Tokyo (AFP) – A successful exhibition showcasing Christian Dior’s work opened in Tokyo this week, highlighting the French designer’s fascination with Japan and the country’s influence on his pieces.
Christian Dior: The Dream Maker has arrived in Japan after drawing crowds in Paris, London and New York.
The exhibition opened on Wednesday and features 350 haute couture dresses, including Japanese-inspired gowns, on display in venues meant to honor Japanese culture.
Architect Shohei Shigematsu created structures consisting of a room covered in a three-dimensional corrugated facade built from traditional translucent washi paper adhered to wooden frames.
“When Dior makes a skirt, there is structure and then the fabric is put on,” he explains to AFP.
“I was asked to create a traditional Japanese structure, so I thought of shoji screens, for example, which have a wooden structure and are covered with paper.”
Each section features a different interior designed to show different parts of Japanese culture.
“There is a partition inspired by an organized tatami room separated by sliding doors. But not everything in Japan is plain and simple.
“We have different designs like Japanese gardens and bright kimono. I wanted to show aspects of Japan that people don’t know about.”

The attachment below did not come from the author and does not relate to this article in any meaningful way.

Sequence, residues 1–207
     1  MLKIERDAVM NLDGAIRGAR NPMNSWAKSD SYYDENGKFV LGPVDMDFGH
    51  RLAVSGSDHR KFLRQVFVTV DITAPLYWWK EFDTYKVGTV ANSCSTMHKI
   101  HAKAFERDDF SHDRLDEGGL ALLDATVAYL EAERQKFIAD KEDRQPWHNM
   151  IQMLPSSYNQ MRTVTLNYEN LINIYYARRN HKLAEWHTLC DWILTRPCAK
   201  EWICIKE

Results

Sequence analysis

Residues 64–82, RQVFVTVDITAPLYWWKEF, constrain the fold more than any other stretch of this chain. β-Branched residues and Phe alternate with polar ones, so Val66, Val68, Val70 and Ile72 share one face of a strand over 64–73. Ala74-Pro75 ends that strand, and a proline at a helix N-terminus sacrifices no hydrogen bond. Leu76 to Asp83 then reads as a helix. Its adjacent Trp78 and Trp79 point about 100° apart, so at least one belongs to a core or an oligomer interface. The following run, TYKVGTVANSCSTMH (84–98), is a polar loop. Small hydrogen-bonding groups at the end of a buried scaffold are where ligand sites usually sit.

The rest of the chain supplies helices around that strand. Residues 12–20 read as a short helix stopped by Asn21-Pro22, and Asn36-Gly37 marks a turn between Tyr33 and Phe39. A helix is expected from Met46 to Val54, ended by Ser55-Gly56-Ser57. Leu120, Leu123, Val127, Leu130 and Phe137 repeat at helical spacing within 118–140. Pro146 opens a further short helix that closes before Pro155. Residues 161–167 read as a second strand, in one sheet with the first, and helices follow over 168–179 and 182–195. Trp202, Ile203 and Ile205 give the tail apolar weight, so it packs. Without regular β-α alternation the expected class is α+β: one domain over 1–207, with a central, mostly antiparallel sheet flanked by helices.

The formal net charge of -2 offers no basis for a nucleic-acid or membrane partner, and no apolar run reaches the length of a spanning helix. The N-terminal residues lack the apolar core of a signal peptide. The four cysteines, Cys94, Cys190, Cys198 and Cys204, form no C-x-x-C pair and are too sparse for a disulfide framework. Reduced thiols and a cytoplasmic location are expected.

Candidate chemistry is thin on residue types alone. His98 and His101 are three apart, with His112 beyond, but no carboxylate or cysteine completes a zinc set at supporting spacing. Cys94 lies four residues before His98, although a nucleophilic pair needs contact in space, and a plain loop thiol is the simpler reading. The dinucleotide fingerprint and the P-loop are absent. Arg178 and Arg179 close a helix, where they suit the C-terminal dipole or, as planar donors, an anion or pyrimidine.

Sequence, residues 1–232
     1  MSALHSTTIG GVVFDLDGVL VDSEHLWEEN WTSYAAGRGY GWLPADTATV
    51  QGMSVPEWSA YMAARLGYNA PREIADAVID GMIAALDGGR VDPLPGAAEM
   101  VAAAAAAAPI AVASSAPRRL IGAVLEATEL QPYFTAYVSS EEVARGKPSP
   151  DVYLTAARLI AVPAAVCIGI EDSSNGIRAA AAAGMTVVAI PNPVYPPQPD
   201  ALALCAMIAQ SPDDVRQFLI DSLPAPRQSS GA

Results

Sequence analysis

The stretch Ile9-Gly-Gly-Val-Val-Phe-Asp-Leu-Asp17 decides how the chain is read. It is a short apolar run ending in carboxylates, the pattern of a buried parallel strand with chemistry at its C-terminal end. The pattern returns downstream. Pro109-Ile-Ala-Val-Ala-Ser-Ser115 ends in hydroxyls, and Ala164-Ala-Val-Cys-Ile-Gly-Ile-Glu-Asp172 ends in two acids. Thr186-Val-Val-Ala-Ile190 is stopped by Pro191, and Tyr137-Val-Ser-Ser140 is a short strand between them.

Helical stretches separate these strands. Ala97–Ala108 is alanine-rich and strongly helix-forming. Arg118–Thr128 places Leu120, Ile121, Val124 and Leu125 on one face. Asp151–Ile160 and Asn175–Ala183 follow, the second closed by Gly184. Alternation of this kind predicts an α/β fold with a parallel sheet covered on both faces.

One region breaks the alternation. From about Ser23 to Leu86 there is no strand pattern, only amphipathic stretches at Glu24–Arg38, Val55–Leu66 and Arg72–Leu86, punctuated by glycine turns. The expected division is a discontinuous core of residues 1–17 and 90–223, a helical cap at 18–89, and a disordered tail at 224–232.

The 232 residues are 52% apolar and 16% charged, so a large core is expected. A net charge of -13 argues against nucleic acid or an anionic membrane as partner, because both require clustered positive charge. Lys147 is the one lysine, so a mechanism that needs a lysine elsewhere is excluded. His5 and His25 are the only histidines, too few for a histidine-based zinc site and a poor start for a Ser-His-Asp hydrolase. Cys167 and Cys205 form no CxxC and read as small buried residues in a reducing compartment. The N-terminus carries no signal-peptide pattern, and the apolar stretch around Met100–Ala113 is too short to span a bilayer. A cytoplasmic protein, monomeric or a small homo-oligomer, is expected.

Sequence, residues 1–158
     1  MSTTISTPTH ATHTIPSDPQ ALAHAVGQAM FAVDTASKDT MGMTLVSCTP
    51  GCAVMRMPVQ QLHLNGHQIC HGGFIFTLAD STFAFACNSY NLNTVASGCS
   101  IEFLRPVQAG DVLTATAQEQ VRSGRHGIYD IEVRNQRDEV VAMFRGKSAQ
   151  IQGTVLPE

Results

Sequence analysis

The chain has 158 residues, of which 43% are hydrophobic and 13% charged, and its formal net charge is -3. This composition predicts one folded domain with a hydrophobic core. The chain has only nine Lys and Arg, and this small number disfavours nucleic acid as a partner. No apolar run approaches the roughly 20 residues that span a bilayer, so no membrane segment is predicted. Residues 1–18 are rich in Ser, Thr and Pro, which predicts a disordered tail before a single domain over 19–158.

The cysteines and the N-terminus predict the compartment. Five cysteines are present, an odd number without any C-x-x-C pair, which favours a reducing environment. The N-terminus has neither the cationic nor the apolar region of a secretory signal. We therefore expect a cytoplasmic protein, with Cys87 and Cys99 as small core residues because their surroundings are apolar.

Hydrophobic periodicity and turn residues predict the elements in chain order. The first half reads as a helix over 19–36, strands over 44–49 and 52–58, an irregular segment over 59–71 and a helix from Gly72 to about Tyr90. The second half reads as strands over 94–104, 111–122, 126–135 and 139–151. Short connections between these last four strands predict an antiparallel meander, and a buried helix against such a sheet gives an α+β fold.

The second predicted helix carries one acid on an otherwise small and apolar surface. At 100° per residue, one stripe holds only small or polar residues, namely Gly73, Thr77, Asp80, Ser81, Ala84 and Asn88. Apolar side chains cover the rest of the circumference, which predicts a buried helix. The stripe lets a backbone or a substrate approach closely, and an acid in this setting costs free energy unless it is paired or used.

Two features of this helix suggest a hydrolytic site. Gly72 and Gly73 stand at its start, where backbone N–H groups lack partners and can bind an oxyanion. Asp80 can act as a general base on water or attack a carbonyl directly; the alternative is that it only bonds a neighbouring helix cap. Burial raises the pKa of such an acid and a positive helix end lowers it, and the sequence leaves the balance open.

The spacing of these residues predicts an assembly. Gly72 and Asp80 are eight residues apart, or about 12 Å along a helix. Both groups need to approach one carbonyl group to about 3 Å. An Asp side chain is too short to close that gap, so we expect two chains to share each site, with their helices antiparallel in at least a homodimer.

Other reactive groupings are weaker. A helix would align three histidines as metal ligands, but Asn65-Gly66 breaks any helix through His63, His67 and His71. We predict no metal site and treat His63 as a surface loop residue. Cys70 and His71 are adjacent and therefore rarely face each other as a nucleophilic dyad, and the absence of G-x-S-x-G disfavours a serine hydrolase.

The Dior house was first introduced in Japan in 1953 and the designer was fascinated by this country.
“Dior respected traditional Japanese culture and talked about it in its newspapers,” exhibition curator Florence Mueller told AFP.
I think there is a mutual enthusiasm between France and Japan. »
Since the 1950s, Dior has also collaborated with Japanese companies, giving them the right to adapt and replicate Dior looks to suit local tastes.
In a nod to the brand’s popularity, former Empress Michiko of Japan chose a Dior dress made from Japanese textiles when she married Prince Akihito in 1959.
The Tokyo exhibition, which runs through May 28, includes archival pieces as well as works by more recent creative directors, and features many objects inspired by Japan.
Among them are a John Galliano coat with “The Great Wave Off Kanagawa” print appliquéd at the base of a full skirt, and tunic dresses with Japanese sashes by Raf Simons.
Also on display is Dior’s strict jacket called “Rashomon” – the name of a Japanese novel and film directed by the legendary Akira Kurosawa.
“This exhibition shows the mutual respect between Japan and France in their style of crafts, fashion, design and art,” said Shigematsu.
© 2022 AFP